This, too, is a regular issue for the senior men’s team in the biggest games, and Japan’s inability to turn their control of possession in the second half into a more sustained period of pressure in the final third was registered by Iwasaki.

“I think there was a difference in the number of times each team got into positions in front of goal here, and I also sensed a difference in each team’s ability to convert those chances.”

Ogawa’s replacement Takefusa Kubo missed one of Japan’s best opportunities, heading over from close range as the ball rebounded to him in the 55th minute, and the combinations between the 15-year-old FC Tokyo wonder-kid and Iwasaki did look a little clunky at times.

“Sometimes I feel we were too far apart and perhaps our timing wasn’t quite right,” Iwasaki admitted. “We knew exactly what each of our roles were though, and had spoken about that – I was trying to get in behind while he wanted to play in the space.”

Indeed, there were some promising signs as the game wore on, and in the same way that Japan improved in the second half against South Africa they looked far more confident and positive after settling into their stride against Uruguay.

Iwasaki thinks that ability to adapt to the flow of the game is a positive aspect of the team’s game, and is hopeful they can utilise it again while also sharpening up in front of goal in today’s vital last group game against Italy.

“I think this team has the ability react to the way the opponent is playing and correct things in the second half,” he said by way of explanation for the team’s Jekyll and Hyde displays so far. “Once we are used to their style we are able to think about how best to play.

“Italy also have good technique and are physically strong, so I think it will be like today’s game. We know we will only have very few chances and so we have to be prepared to finish the ones we get.”

It is crucial the team don’t wait until the second half to get going against an Italian side which itself needs points to guarantee progression to the last 16 though, and while Japan only have a couple of days to do so, lessons need to be learned and corrections need to be made if the side wants to qualify for the next round.


Moriwaki incident provokes pause for thought

The recent incident involving Urawa Reds’ Ryota Moriwaki and Kashima Antlers’ Leo Silva and Mitsuo Ogasawara was all rather unpleasant, but hopefully having the debate played out so publicly can help increase understanding of the impact words and actions can have on others…  (日本語版はこちらです)

Football Channel, 11th May, 2017

It has been a busy few weeks for the J.League’s disciplinary panel, with all manner of on and off the pitch incidents making negative headlines for the division.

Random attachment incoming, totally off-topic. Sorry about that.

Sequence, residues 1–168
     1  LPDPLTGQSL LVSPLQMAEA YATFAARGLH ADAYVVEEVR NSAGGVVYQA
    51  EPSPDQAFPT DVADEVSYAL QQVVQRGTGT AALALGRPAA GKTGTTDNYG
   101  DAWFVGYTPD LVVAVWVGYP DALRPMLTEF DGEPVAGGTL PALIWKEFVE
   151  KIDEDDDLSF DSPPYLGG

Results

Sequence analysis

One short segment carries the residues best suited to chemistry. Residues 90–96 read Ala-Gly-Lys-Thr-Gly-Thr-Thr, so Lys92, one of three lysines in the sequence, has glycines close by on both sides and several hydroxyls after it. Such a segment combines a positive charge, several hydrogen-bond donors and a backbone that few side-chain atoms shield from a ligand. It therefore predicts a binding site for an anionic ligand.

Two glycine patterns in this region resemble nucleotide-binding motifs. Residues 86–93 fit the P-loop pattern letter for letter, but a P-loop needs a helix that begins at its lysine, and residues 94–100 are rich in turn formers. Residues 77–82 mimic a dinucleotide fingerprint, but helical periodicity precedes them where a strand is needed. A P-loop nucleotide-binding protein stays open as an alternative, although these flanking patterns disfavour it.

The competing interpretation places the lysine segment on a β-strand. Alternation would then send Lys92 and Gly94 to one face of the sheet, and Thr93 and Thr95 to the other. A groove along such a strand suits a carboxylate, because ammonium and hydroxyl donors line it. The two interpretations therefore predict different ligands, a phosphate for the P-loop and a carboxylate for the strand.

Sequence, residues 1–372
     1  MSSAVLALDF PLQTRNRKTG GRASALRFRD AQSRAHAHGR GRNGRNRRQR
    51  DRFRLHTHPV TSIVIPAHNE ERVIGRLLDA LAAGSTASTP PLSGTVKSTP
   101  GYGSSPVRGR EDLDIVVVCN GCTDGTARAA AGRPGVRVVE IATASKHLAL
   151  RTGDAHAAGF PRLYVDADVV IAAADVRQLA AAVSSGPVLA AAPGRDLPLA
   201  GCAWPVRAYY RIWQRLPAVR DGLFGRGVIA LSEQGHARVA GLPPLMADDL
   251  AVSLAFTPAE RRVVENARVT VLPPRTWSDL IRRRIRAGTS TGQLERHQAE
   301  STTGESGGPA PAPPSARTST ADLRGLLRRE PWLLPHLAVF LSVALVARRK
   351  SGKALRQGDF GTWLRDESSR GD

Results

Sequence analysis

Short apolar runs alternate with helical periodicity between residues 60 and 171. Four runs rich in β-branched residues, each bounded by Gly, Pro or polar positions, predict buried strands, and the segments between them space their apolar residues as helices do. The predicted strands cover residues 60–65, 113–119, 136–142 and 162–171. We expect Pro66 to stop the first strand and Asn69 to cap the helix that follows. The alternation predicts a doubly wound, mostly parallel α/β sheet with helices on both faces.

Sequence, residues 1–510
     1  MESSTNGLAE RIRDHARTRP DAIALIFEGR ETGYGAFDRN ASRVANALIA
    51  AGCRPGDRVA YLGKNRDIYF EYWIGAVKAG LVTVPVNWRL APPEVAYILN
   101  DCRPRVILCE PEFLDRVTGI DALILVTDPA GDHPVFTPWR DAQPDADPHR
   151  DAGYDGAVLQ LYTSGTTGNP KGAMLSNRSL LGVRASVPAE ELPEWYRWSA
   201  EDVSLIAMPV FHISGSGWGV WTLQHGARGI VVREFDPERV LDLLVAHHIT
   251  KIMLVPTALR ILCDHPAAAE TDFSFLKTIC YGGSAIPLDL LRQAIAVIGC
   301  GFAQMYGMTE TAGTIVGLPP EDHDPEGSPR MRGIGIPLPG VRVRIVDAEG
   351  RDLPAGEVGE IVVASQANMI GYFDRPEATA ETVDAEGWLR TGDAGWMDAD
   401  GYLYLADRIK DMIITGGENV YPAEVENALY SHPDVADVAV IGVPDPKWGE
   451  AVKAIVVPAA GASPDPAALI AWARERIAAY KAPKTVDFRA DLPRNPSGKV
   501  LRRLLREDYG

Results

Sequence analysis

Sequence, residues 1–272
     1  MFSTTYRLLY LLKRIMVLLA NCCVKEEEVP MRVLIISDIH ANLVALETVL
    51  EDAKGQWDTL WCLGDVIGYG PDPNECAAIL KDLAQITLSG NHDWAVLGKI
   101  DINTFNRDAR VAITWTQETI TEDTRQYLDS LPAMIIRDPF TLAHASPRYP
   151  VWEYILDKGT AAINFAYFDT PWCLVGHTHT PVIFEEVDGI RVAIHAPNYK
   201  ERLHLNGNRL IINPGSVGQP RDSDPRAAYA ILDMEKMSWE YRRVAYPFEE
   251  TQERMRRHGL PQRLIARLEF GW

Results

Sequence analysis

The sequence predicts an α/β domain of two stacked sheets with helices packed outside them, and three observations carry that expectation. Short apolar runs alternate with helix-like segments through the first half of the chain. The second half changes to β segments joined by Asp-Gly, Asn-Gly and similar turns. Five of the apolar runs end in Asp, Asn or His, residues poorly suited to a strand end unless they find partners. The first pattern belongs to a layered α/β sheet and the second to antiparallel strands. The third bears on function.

Some of these problems – Tokushima Vortis’ Kazuaki Mawatari being sent off for an altercation with a ball-boy in his side’s game away to JEF United on 29 April, for instance, or a handful of Urawa Reds fans reacting to their 1-0 loss away to Omiya Ardija in the Saitama derby the following day by picking a fight with a dividing fence – can merely be put down to poor decision making and stupidity, respectively.

Others, such as the scandal swirling around Urawa defender Ryota Moriwaki, however, require closer, more considered inspection, as they demonstrate a lack of awareness of the affect of words and actions on others.

Moriwaki was given a two-match suspension on Tuesday after being accused by Kashima Antlers captain Mitsuo Ogasawara of abusing Antlers’ Brazilian midfielder Leo Silva during the sides’ game in Saitama on 4 May.

Ogasawara was clearly incensed by something during an altercation in the 78th minute of the match, having to be restrained by Reds goalkeeper Shusaku Nishikawa, and straight after the game the 38-year-old stopped of his own accord to address the media, alleging that Moriwaki had said ‘you stink’ to Leo Silva during the spat.

“After the game I spoke to Leo Silva and he said, ‘Moriwaki always says those things’,” Ogasawara said.

“In previous games he has said similar things to Caio and Davi, and seeing as it is something that has been repeated I feel this is enough. It counts as verbal abuse, which could be perceived as discriminatory, and so I would like the media to look into it.

“It is not restricted to just this occasion, and while I don’t know how it can be verified it can’t be tolerated. We have discussions about fair play and I don’t think we should accept verbal abuse.”

Such accusations cannot – and should not – be made lightly, and the story quickly gained traction, in part because of a string of recent events with a similarly unsavoury flavor.